DILORENZO: Politicians and statist economists intentionally confuse the public when they refer to proposed tax increases as "tax reform" and to tax cuts as "wasteful" or "unnecessarily complicated." I have long agreed with Milton Friedman's dictum that the cause of freedom and prosperity is always served by any tax cut, of any kind, at any time. One has to realize that the purpose of government is for those who run it to plunder those who do not. Depriving political parasites of revenue is always and everywhere a good idea. The rhetoric of "revenue neutrality" really means that under no circumstances should government — unlike everyone else in society — ever, ever spend a penny less next year than this year. Any tax reform should therefore never, ever, end up putting more money in the pockets of the public at the expense of the political parasite class.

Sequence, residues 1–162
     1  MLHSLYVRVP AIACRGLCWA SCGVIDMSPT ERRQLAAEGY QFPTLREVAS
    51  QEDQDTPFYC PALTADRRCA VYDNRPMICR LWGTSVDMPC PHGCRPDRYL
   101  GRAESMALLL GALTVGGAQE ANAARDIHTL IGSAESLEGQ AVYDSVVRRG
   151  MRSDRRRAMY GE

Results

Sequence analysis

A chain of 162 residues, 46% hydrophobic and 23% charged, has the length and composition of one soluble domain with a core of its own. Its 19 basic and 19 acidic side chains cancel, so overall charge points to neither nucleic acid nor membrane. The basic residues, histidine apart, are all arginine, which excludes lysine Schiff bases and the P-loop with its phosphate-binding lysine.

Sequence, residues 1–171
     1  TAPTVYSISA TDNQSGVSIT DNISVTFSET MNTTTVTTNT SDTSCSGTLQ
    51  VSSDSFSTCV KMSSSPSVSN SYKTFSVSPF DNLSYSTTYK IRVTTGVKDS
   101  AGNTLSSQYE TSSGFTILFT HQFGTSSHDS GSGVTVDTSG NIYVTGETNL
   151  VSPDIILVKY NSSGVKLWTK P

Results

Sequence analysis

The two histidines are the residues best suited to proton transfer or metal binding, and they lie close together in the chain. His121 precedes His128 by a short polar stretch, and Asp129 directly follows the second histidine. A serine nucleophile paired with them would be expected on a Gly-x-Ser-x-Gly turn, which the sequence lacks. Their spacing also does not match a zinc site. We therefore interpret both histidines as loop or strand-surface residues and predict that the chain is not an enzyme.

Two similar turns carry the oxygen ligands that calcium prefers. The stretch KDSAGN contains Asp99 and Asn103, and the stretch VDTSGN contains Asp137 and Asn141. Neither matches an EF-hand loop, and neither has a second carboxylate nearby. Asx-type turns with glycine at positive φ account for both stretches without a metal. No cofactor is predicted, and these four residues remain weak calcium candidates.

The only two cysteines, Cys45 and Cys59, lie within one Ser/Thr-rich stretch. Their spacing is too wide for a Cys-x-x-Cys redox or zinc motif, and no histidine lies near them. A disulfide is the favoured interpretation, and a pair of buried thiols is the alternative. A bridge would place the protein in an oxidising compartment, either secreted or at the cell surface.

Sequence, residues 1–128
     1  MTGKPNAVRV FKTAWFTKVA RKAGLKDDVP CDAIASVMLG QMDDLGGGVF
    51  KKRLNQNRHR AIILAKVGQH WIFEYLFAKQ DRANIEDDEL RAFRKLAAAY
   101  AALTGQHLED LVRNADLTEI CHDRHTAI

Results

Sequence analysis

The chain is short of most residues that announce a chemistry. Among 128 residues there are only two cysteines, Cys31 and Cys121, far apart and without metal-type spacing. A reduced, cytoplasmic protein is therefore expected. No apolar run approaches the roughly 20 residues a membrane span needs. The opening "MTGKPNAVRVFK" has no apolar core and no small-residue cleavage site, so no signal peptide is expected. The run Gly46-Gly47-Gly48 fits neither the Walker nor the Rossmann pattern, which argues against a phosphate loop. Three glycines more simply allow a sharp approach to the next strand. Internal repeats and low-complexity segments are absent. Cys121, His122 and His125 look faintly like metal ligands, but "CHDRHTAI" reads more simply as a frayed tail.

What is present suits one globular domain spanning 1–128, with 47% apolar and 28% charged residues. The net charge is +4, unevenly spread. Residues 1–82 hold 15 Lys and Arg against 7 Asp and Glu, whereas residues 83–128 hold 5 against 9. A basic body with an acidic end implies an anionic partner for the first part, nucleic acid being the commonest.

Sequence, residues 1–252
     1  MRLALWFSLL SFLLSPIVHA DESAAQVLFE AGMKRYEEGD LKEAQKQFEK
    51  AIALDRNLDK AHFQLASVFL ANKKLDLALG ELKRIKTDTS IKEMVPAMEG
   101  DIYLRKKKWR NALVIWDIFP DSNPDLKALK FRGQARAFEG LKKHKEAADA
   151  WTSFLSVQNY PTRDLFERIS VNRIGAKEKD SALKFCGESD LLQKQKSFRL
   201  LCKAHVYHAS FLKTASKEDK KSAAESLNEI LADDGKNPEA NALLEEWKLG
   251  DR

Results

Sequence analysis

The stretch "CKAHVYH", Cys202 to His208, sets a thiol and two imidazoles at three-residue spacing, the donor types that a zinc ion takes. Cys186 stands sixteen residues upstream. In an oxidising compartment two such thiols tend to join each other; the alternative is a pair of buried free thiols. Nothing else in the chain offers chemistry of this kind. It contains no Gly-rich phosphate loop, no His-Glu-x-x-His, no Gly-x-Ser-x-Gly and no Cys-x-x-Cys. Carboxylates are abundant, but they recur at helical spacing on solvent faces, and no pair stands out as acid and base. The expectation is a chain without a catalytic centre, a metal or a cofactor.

4. MERCER: Expect the "compassion of the IRS and the efficiency of the post office" from Obama's health care plan, you forewarn. But as Obama's army of harpies at CNN would argue, his politburo of proctologists has involved itself in the insurance industry merely to enhance markets. Or, to "bring down costs." Dispense with this idiotic notion.
DILORENZO: Government intervention always causes costs to rise and quality to decline. This has always been true; it has especially been true in the field of health care in places like Canada and Great Britain where healthcare was nationalized long ago. There is no reason to believe that the socialists in the Obama administration are better at socialism than were the Soviets, the Eastern Europeans, the Chinese, the Cuban government, or anyone else. The absence of a market feedback mechanism based on profits and losses guarantees government failure. Public choice economists refer to a "bureaucratic rule of two" with regard to governmental provision of any type of service, based on hundreds of empirical articles that show that, on average, a government takeover of any function will double the per-unit cost of providing the product or service.